The food was certainly worthy of the Bab Al Shams umbrella. We went with the chef’s recommendations on everything and were not disappointed in the least.
It was a chilly night so we started off with some Murg Badaami Shorba soup. It was creamy, comforting, and simply delicious. I loved that it wasn’t overly viscous, and that it was piping hot, rather than disappointingly tepid- as some restaurants like to serve it.
The Delhi Sampler could easily be mistaken for having been teleported from the streets of Delhi herself. M’s favorite was the Aloo Tikki, my favorite was the Kichori and Papri Chaat, but the Samosa was not bad either. The flavors were very authentic and everything was seasoned to perfection. Our appetite had undoubtedly received a kick start.
We also tried a plate of Khyberi Kabab. Marinated in a blend of raw papaya and other spices, this dish originates from the Khyber Pass area that connects India to Pakistan.Not overly spicy but packed with flavor, these kababs had a deep smokiness to them and melted in our mouths.
The Bhindi Masala was very close to my mom’s version- which means it was frigging delicious- just not as spicy. That’s understandable as not everyone eats chili flakes like corn flakes.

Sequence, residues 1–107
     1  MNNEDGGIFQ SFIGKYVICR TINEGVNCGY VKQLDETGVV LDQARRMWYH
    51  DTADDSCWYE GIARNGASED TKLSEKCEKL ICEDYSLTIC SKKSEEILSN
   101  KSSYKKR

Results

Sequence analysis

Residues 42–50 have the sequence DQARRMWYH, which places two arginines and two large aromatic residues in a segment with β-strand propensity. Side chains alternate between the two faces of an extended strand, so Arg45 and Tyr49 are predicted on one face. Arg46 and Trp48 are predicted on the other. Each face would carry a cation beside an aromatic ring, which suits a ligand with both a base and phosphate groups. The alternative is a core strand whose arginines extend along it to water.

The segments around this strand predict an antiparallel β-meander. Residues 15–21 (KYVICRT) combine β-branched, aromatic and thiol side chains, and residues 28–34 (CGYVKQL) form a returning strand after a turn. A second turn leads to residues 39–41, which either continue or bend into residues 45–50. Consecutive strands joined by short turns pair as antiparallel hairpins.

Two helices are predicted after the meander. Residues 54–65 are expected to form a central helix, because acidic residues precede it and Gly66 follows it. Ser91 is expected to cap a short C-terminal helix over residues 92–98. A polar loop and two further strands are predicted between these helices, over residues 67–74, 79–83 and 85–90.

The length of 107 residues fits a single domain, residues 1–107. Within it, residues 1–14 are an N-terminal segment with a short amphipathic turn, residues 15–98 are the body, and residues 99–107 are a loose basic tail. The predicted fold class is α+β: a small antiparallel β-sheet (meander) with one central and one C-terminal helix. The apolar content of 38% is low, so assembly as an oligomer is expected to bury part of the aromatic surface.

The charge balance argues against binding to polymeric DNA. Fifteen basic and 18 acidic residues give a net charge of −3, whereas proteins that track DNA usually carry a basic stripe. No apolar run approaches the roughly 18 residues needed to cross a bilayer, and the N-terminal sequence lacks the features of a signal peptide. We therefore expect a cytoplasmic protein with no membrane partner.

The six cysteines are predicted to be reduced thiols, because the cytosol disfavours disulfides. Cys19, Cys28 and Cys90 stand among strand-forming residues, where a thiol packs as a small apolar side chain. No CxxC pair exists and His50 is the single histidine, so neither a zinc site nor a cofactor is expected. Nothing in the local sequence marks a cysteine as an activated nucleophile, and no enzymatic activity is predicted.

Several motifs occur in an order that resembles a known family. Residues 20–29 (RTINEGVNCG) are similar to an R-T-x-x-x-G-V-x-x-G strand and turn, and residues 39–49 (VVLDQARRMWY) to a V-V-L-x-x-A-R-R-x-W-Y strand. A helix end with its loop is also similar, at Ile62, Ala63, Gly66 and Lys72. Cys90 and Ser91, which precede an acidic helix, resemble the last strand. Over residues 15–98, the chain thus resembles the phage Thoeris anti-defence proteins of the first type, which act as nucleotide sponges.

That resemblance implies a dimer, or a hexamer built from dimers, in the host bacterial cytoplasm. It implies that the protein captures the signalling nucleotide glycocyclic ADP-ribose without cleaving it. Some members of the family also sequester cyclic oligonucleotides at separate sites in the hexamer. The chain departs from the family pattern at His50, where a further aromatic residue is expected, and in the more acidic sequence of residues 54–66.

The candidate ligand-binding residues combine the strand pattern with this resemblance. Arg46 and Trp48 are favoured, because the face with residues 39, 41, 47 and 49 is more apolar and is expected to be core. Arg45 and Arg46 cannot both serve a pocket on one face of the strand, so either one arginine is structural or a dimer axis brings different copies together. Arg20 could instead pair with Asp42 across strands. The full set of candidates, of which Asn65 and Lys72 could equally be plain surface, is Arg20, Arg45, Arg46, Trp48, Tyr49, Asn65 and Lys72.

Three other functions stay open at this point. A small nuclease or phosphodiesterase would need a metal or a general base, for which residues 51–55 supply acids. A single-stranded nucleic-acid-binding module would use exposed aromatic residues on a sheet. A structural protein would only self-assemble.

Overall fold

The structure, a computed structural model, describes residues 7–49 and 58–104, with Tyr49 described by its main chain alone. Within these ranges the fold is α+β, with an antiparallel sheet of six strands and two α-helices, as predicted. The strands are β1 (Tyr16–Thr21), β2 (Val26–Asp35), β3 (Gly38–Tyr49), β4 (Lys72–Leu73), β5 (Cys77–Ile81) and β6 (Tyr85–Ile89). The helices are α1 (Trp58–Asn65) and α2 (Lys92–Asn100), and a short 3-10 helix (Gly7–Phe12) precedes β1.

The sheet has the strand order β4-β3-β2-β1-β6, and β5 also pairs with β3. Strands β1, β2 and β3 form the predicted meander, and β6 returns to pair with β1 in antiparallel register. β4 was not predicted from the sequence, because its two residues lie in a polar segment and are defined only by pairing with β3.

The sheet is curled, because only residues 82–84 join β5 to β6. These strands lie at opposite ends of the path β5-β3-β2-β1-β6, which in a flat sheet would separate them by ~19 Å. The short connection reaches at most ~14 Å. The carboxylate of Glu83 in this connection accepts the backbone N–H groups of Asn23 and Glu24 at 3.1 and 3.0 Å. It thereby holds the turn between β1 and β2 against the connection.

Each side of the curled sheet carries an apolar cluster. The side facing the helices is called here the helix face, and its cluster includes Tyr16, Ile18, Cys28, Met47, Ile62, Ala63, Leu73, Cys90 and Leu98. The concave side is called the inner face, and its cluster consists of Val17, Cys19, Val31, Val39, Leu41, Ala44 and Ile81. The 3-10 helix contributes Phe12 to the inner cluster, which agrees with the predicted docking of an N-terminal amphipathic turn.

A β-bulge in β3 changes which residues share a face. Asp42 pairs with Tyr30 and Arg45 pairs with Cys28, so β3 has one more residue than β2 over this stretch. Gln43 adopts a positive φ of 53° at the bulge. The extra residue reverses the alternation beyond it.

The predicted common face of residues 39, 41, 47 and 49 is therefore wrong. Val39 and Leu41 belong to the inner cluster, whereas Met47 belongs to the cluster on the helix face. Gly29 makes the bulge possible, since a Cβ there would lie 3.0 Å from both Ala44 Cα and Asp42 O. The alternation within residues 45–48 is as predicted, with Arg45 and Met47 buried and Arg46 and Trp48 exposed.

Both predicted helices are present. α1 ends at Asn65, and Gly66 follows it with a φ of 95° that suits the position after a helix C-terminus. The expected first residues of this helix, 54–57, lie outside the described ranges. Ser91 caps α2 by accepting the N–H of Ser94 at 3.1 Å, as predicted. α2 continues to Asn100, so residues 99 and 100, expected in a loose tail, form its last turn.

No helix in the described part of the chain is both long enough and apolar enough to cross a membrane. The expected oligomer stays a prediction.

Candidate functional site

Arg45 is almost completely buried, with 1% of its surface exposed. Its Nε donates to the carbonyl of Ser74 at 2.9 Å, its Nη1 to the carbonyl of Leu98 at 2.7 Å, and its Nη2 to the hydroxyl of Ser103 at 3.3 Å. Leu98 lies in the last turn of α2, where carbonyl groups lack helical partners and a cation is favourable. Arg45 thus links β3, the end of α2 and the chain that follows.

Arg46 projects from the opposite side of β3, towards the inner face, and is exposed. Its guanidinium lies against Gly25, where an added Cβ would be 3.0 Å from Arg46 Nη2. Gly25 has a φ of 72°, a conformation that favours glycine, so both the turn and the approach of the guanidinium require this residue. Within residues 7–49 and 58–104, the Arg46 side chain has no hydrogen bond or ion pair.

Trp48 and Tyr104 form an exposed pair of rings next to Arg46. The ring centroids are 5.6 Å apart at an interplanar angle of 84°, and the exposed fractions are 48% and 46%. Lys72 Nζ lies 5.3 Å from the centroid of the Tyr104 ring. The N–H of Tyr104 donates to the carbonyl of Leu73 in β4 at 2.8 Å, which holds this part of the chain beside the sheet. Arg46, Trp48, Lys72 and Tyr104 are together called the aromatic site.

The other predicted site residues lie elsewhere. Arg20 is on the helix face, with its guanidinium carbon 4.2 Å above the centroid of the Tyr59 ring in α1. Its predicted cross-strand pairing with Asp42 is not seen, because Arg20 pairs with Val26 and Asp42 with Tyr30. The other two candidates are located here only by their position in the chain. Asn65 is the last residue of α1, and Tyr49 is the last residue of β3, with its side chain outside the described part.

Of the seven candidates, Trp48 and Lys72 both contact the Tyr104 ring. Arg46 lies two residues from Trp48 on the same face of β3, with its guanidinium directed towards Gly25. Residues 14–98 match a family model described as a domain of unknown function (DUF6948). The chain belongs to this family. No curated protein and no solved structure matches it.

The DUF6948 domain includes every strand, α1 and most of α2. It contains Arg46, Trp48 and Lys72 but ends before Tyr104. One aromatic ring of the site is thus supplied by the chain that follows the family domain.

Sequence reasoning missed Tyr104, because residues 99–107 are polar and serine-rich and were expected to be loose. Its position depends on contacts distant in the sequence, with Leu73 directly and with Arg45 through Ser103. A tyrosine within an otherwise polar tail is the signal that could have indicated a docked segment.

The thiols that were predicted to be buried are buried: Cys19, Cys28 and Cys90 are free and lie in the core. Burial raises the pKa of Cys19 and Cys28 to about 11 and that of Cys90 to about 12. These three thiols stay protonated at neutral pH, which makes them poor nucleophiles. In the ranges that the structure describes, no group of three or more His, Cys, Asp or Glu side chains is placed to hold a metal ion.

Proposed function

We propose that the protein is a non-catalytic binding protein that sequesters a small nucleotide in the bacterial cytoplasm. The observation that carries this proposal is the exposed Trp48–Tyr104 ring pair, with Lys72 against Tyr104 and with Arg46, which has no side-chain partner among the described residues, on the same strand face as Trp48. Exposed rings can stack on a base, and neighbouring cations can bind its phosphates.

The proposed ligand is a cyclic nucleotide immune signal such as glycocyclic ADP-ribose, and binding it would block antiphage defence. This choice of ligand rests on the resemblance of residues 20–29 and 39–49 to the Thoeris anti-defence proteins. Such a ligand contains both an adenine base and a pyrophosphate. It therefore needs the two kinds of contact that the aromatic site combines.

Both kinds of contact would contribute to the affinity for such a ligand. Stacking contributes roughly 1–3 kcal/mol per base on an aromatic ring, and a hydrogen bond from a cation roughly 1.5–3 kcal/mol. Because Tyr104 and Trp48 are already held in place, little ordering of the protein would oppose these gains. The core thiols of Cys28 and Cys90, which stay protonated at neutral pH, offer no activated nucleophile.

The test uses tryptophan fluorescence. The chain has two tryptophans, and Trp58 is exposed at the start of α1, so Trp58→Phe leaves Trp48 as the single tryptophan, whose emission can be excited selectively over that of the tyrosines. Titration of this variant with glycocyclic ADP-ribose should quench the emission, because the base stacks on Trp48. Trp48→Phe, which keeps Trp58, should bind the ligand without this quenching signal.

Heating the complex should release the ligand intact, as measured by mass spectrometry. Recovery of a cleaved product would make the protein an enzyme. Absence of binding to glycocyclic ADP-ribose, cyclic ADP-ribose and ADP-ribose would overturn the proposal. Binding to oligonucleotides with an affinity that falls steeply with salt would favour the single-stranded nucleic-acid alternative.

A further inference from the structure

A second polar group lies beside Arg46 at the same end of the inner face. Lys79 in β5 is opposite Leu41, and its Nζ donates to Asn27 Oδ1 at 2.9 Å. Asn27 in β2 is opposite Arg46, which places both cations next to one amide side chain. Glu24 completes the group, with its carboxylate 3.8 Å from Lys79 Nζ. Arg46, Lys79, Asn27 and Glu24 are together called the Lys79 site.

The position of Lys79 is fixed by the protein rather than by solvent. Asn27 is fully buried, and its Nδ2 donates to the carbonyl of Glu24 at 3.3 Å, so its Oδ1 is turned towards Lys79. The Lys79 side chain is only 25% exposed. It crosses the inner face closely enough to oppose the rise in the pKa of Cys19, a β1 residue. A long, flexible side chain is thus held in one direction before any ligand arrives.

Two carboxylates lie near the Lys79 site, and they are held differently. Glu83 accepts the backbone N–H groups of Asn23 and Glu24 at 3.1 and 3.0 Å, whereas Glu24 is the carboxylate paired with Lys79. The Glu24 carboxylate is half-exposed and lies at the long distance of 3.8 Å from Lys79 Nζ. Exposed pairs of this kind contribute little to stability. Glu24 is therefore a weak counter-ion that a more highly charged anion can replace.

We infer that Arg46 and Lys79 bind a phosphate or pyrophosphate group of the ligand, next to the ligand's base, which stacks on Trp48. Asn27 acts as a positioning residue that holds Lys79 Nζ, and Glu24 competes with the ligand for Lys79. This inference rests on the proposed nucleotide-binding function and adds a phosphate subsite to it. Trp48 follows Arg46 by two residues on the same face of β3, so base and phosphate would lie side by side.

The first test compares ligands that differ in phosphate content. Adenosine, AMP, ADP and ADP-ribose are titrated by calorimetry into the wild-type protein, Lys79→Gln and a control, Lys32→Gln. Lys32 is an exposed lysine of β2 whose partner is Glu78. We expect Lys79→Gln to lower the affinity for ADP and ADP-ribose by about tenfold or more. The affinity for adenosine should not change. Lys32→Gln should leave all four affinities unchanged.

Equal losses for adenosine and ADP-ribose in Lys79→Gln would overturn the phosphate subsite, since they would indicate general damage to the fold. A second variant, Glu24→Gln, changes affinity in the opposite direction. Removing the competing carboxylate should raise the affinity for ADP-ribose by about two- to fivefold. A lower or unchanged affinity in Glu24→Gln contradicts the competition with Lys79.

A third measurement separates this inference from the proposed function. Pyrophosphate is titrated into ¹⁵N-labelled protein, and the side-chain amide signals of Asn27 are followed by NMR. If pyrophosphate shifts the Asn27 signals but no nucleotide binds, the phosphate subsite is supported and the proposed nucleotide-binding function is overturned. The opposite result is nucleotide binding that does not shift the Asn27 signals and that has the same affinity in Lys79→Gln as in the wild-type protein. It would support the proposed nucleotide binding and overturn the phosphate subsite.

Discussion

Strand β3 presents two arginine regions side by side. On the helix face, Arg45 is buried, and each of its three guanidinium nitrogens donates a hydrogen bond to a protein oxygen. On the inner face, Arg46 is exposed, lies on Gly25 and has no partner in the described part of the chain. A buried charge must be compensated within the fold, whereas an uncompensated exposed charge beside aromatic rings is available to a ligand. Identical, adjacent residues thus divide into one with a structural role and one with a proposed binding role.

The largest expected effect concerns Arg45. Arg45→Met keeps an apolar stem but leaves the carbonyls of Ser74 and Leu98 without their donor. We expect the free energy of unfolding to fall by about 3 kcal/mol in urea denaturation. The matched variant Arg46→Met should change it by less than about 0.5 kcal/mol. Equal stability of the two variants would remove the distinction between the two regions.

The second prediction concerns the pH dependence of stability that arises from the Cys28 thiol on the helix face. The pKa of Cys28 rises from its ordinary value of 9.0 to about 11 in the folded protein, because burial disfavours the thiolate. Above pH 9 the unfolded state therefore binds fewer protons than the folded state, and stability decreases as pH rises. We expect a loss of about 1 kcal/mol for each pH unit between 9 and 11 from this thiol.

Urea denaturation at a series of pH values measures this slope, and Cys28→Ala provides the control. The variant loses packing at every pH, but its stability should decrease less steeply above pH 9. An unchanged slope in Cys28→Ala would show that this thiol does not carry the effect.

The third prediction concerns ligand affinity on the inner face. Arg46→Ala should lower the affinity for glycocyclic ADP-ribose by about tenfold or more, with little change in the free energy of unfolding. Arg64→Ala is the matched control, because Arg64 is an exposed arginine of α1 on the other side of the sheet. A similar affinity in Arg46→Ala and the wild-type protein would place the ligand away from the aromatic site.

The Dahl Masala (Makhni) was pure indulgence. Hailing from Punjab, this dahl isn’t new to me, but this version of it certainly was. Slow cooked in water and spices over charcoal for 24 hours, this rich dahl is then simmered in cream and butter for another 4-5 hours! I couldn’t quite put my finger on what it was, but something about it reminded me very much of some versions of Gaajar Ka Halwa. I have a a feeling that something was the oodles of butter and cream.
Goan Prawn Curry
I slurped down the Goan Prawn curry (one of my favorite curries in the world) like a thick, luscious soup, while M made snow angels in the Koh e Awad. Koh-e-Awad – in addition to being the Chef’s special is what Lucknow was called before the Mughal era. It is also the name of the chef’s special at Masala, and boy oh boy was it special! It was easily the best lamb shank we have had- ever- across any cuisine (big claim!).
We also had the Doi Mach, which is a tempered yogurt fish curry from the Bengal region. It is the ONLY Indian fish curry M has ever liked.
I’d recommend the Podeena Paratha to wipe the curries off your plates with, and the sweet Lassi to wash it all down. The Lassi was as good as my grandma’s, except it was enthrallingly frothy from start to end!
Dessert was some Gaajar Ka Halwa (mediocre), and some Jugal Bandi (fantastic!). The latter was a Gulaab Jamun placed atop some Ras Malai- YUM!
We paired our dessert with some very strong Masala Chai that was heavy on the cloves! I’m not a fan of cloves but it really did help warm up my otherwise freezing innards and dodge an oncoming cold, haha!
If you’re looking for a special night out and like Indian food, Masala at Bab Al Shams is definitely the place for you.